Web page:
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How gun violence kills new business in Minneapolis

When the Minneapolis murder rate climbs, new businesses don't open.

When the Minneapolis murder rate climbs, new businesses don't open. Aaron Lavinsky, Star Tribune

Lifelong northeast Minneapolis resident Andrew Volna remembers the days he crossed the Mississippi River.

The reasons to visit the North Side were many. Summertime, the public pool. Basketball season, gyms. On any given day, good places to eat. 

Decades removed, Volna can't say the last time he ventured into the area that gave him some golden memories of youth.

"Back in the day, West Broadway, that area in particular, had an edgy, cool energy about it. And there were reasons for going to the North Side," Volna says. "But there hasn't been anything that would make me drive over the bridge for years. Not a Home Depot. A place to work out. Not a good restaurant I can think of."

A new report by the Urban Institute tries to explain why.

The nonprofit studied gun violence and business statistics from six cities, Minneapolis included. It sought to answer the question: "Is gun violence stunting business growth?"

In Minnesota's largest city, Washington, D.C., and the four others researched, gun homicides and gunfire in neighborhoods have the most negative effects on the starting of new businesses. Moreover, the report showed that retail and service industries are likely to be disproportionately affected by high gun violence levels.  

Minneapolis' economic growth during the years studied (2010 through 2012) was better than Oakland's, where the number of gun homicides was on the rise, but the City of Lakes fell behind Washington, D.C., where gun homicides decreased. 

According to researchers' findings, a spike in gun violence costs Minneapolis measurable amounts of economy in the year after a relatively high number of murders. 

"In Minneapolis," the study says, "one less gun homicide in a census tract in a given year was statistically significantly associated with the creation of 80 jobs and an additional $9.4 million in sales across all business establishments the next year."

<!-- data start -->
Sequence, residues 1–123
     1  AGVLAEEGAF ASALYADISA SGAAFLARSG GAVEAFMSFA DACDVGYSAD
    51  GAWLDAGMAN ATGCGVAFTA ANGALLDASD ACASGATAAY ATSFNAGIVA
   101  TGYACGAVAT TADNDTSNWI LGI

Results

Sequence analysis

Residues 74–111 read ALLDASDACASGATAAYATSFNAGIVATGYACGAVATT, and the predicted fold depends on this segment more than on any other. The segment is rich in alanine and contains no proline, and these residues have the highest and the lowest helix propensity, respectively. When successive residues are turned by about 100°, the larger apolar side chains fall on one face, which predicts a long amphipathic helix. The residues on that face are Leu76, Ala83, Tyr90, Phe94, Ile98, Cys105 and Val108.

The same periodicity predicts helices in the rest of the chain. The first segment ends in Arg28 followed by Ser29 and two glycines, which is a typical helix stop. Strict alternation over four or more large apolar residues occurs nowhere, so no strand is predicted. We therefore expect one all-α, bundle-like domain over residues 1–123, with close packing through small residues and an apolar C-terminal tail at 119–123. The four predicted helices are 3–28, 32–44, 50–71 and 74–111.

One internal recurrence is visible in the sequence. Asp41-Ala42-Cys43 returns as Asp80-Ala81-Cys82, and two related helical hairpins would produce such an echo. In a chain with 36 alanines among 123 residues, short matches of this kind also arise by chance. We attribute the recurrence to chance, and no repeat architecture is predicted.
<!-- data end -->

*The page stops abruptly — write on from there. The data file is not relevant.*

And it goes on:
Institute data has 2,600 new Minneapolis businesses opening in 2009. That year, there were only 12 gun murders in the city; almost 5,000 establishments opened in 2010.

The number of gun homicides tripled in 2010, and the city would average around 35 gun murders between 2010 and 2012. New businesses started in 2011 and 2012: 2,300 and 780, respectively.   

City Council member Blong Yang understands the economics of gun violence on his north Minneapolis ward. He points to Cub Foods, north Minneapolis' only full grocery store. It spends $250,000 annually on security.  

"It's a tax on them and hurts them economically, but they're doing it," Yang says. "And they're a big guy. What about the small guys? They'd have to worry about the safety of their customers, the safety of their employees. They couldn't afford it. I mean that's the part that makes it difficult."

There's promise, according to Yang, in the development of the Upper Harbor Terminal, 48 city-owned acres just north of the Lowry Avenue Bridge. But plans of economic investment in the riverfront are in the early stages.    

"At the start of it," he says, "is people have to feel safe. And until you do enough to make it safe, that's the reality."